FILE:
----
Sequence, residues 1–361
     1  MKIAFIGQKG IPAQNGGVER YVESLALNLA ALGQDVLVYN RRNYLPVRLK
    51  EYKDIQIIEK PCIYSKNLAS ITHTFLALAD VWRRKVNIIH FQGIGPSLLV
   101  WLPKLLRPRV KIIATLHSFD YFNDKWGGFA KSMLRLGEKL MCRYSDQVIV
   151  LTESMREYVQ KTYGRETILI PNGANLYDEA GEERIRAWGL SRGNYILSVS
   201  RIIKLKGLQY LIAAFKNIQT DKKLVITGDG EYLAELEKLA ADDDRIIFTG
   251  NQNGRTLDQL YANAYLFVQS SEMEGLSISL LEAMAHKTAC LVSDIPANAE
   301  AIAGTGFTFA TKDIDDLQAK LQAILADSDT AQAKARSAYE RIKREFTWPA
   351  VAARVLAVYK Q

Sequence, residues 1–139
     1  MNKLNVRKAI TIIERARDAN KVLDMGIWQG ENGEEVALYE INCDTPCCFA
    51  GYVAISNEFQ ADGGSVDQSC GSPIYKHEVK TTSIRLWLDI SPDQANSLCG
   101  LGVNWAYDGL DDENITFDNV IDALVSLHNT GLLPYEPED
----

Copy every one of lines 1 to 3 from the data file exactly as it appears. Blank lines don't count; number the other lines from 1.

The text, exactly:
Sequence, residues 1–361
     1  MKIAFIGQKG IPAQNGGVER YVESLALNLA ALGQDVLVYN RRNYLPVRLK
    51  EYKDIQIIEK PCIYSKNLAS ITHTFLALAD VWRRKVNIIH FQGIGPSLLV